Bud and Pepper sharing a pan of grain

Apparently as a boy, my husband had certain food he didn’t like to eat. He would hide it under the skin of his baked potato, rather than try to choke it down. Fatty meat and gristle were two of the big offenders. (Seriously who would want to eat them?)

He also was suspicious of any food that came covered in sauce. Still worried about finding something “icky” I think.

Before I go any further, I have to say that his mother is a great cook.

I don’t think she ever set out to deliberately serve fat or gristle or any other icky food to her family.

What I suspect happened is that one time he bit into something he didn’t like, and from that time forward was on high alert.

To this day he is, shall we say, a cautious eater.

Miss Pepper is also cautious.

She is ever on the alert about what we feed her.

She has no baked potato skin, so her trick is something I call “fake eating.” She can put her nose into a pan of grain and by all accounts, she is eating.

But not really.

At least not taking in any decent amount of food.

Oh, her lips move as if she’s taking bites of grain, and I can see her chewing.

But the pile of grain in her pan seems to remain constant.

I don’t know how she does it, other than taking miniscule bites – only one or two grains at a time.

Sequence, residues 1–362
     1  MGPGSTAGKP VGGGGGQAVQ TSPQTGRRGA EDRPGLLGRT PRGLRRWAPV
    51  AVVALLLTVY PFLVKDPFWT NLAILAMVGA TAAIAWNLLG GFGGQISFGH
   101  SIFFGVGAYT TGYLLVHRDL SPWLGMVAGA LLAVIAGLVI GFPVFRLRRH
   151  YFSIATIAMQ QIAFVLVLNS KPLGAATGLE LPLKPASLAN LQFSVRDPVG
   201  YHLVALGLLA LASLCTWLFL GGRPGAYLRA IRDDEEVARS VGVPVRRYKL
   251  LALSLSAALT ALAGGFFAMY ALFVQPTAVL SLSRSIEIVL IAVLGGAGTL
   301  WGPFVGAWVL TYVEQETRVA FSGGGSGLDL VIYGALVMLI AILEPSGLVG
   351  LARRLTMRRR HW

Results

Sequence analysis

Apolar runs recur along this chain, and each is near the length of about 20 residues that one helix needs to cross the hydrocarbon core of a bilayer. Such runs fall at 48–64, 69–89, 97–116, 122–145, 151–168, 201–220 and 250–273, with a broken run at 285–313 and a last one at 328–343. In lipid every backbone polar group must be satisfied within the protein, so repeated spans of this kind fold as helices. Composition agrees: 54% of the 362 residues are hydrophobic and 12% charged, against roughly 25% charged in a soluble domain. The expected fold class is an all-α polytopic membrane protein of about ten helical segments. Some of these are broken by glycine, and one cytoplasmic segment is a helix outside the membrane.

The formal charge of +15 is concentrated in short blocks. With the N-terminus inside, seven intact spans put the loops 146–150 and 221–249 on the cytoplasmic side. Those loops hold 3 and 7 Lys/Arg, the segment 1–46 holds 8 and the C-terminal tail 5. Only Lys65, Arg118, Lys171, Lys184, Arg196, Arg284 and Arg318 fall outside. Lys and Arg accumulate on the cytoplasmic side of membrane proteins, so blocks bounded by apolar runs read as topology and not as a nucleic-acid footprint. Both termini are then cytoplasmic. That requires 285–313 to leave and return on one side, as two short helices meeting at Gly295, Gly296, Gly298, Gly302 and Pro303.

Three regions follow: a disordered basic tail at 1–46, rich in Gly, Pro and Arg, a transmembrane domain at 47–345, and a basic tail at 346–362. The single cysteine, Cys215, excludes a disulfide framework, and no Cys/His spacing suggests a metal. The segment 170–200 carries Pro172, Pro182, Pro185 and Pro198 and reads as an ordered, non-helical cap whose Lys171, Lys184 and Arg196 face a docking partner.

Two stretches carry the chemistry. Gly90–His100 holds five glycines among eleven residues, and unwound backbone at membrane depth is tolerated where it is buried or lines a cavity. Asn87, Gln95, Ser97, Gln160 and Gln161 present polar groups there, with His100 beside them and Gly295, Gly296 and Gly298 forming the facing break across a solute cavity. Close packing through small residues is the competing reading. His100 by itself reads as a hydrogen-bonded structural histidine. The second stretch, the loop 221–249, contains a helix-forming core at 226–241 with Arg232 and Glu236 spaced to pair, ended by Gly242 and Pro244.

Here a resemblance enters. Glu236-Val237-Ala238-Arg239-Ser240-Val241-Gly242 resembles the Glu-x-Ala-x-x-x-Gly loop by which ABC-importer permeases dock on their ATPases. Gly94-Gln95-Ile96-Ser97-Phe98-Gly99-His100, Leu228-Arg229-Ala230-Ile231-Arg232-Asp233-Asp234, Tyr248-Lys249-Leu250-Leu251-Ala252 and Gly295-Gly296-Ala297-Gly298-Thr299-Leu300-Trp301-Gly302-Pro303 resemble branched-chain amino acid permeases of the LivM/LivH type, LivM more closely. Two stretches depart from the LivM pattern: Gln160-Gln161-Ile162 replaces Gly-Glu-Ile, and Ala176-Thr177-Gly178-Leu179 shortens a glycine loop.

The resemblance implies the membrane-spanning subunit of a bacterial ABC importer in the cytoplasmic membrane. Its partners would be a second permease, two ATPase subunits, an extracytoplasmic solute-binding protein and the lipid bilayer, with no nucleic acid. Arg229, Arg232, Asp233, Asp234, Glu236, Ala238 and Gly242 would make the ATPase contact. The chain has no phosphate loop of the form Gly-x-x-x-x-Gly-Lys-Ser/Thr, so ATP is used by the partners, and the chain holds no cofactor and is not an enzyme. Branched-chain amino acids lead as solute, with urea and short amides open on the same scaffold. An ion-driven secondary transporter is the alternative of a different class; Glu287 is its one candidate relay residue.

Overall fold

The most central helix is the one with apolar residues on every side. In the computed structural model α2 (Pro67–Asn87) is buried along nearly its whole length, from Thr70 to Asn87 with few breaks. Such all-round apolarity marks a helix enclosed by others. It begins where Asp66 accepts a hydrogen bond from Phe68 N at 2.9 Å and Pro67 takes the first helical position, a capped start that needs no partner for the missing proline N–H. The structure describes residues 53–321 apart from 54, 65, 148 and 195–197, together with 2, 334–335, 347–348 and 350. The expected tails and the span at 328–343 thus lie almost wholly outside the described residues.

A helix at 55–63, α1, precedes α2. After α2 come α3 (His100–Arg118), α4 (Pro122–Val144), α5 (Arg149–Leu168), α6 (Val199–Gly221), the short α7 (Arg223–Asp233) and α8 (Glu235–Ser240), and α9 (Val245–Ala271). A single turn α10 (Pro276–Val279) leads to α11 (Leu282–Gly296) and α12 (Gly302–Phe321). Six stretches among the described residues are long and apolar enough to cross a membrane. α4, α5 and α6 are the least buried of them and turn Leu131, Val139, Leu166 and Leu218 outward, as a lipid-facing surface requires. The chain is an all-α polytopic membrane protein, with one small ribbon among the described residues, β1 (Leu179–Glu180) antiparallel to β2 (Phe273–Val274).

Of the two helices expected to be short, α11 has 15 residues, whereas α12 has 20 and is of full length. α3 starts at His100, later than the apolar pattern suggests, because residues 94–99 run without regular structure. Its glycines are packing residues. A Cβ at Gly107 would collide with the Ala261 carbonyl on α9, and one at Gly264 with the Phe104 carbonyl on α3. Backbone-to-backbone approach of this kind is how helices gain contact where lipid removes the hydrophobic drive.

Eventually she will get through some portion of her grain, though lately never all of it.

She has also taken to thinking that Bud must have the tastier feed.

She will do her fake eating thing for a few minutes, and then when I’m not looking, she’ll slide her nose into his feed pan. To his great credit, Bud just scoots over. He wouldn’t do this with any other horse, but he allows Pepper to share his food.

I have to step between them and send her back to her own pan of grain. “Oh all right,” she seems to say with a liberal dose of mare attitude.

Lately we’ve played this little game several times during a feeding.

Honestly, Pepper gets a little sparkle in her eye that I like seeing.

I’ve always enjoyed her sense of humor.

And if I weren’t so concerned about her keeping weight on, I’d find her food games more fun than anything else.

 

But I’ve been thinking about this:

As a cook do you take it personally when/if the people (or animals) you’re serving don’t like what you’ve put before them? Does it get tied to your self-esteem? I ask because sometimes for me there are times when I think it sneaks up on me. It has to do with nurturing and rejection. It’s complicated stuff that I’m still sorting out.

What about you?

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